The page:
UN says at least 1500 Child Soldiers fighting for LTTE
UN says that as of last September, at least 1500 children were still serving as Tamil Tiger Fighters. Sri Lankan government says it has taken steps to rehabilitate the Child Soldiers who've been captured or surrendered on the battle field. David Hawkins of Al Jazeera reports from a rehabilitation center in Ambepussa, Sri Lanka and gives insight into what these children - some here are not children any more -are going through now, and what they have to say.
This report from Al Jazeera comes at the same time as the UN Under-Secretary-General for Humanitarian Affairs and Emergency Relief Coordinator, Sir John Holmes completed his visit in Sri Lanka. David Hawkins did a news coverage on this visit as well.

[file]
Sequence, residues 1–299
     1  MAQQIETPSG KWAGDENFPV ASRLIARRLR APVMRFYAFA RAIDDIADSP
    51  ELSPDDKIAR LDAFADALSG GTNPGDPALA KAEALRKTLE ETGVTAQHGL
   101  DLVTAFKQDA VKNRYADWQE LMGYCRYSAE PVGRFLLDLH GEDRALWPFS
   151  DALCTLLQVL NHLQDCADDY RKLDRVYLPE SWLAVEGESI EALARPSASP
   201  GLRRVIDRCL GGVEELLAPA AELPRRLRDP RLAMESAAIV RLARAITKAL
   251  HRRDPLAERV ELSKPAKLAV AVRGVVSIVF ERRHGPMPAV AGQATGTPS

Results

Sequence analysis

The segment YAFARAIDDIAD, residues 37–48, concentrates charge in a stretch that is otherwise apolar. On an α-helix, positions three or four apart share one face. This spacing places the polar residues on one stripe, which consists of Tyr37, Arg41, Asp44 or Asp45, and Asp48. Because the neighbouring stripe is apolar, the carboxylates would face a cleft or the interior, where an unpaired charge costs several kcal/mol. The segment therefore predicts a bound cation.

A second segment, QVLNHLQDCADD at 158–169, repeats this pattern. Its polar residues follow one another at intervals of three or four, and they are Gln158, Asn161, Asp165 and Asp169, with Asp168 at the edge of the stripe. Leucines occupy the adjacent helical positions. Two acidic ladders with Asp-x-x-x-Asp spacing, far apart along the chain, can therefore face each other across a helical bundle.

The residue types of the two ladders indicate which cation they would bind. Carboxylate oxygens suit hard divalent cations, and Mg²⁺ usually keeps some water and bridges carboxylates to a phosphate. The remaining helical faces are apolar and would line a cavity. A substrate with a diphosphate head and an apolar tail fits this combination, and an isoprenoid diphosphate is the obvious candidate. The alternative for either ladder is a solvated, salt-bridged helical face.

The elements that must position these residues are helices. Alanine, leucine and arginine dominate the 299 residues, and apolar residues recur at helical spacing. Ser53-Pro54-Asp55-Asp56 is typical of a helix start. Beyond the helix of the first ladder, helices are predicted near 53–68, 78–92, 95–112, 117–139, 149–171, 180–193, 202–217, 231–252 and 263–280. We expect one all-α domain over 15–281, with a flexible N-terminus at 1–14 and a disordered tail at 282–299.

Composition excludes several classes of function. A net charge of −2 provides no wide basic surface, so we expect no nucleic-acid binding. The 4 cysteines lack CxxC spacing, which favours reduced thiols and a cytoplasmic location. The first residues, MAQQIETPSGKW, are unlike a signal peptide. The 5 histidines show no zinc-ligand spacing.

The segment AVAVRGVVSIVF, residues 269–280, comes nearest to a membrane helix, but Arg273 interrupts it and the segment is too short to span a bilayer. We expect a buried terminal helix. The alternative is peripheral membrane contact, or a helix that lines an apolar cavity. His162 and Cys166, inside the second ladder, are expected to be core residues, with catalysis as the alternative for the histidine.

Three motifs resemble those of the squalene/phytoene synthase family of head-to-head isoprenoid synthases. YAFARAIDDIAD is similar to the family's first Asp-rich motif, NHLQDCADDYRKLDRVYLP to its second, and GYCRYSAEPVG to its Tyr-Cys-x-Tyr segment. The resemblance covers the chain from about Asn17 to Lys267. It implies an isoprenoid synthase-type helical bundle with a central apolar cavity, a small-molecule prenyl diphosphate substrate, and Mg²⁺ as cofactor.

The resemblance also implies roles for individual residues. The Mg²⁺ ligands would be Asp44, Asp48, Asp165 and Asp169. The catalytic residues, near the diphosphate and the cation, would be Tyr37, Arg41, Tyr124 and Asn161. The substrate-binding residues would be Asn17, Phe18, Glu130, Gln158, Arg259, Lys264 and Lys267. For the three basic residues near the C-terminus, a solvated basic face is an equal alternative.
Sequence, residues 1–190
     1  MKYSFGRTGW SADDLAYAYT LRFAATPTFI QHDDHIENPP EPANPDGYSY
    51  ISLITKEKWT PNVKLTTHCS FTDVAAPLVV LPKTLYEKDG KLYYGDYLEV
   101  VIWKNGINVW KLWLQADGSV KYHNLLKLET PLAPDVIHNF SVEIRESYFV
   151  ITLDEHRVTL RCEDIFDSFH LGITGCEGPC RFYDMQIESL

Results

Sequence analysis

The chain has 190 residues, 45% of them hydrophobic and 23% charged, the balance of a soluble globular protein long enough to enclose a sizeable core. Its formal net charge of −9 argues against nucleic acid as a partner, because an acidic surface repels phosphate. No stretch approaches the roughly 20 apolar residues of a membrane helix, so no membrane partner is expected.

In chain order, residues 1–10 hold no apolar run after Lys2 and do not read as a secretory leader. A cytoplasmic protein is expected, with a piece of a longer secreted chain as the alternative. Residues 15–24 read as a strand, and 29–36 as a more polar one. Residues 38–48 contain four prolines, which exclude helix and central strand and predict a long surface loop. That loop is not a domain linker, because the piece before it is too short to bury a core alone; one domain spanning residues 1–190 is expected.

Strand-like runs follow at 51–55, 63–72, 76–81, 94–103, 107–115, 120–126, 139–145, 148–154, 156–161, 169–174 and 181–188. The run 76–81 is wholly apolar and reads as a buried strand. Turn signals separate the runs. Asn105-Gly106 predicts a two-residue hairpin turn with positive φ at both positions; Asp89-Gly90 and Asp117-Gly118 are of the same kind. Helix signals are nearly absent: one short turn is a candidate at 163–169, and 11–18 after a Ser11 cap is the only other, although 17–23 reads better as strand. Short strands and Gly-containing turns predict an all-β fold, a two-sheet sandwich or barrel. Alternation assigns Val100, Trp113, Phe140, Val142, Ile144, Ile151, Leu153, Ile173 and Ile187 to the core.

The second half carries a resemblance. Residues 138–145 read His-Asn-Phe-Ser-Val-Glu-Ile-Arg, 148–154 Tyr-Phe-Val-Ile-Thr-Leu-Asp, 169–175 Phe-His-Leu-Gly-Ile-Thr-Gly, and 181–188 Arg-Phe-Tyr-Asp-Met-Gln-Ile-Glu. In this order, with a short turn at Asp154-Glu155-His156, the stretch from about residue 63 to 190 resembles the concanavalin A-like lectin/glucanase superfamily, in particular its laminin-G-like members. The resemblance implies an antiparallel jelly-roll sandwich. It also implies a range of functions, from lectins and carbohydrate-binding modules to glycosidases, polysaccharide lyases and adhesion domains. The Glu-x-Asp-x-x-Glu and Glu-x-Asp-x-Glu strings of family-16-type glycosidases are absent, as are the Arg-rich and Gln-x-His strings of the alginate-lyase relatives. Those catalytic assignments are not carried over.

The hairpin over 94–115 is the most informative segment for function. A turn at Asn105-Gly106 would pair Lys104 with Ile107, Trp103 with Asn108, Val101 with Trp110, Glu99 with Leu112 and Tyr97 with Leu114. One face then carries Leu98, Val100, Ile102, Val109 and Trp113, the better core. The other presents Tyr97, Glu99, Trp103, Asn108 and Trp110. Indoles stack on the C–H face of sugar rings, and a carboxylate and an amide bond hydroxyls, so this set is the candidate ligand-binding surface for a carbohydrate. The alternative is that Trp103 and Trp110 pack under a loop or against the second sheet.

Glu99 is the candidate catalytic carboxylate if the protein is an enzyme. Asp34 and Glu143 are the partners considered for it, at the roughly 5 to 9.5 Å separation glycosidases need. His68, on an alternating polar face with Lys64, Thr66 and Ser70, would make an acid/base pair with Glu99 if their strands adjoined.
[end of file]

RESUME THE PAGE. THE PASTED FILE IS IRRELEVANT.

Watch David Hawkins' Report here:
John Holmes, the UN's senior humanitarian official, has visited government-run camps in Sri Lanka for the tens of thousands of people fleeing the fighting in the country's northeast.
Holmes urged the Sri Lankan government and Tamil Tiger fighters to do everything possible to avoid civilian casualties, ahead of his visit on Friday.
About 30,000 ethnic Tamils are currently in government-run camps south of Sri Lanka's war zone.
Tens of thousands of others are expected to join them in coming weeks, the government says.
Al Jazeera's David Hawkins, reporting from the northern Vavuniya district, said the camps for Sri Lanka's displaced appeared to meet international standards.
"Holmes is here to see whether or not the food and the shelter are adequate ... and it seems to me that they are," he said
"But there's another question, as to whether or not people have freedom of movement."
The Sri Lankan government has been criticised for limiting free movement of the displaced people, preventing them from leaving the camps.
Officials, however, say its a largely bureacuratic issue, promising they will be allowed to leave the camps once they have received government identification cards.
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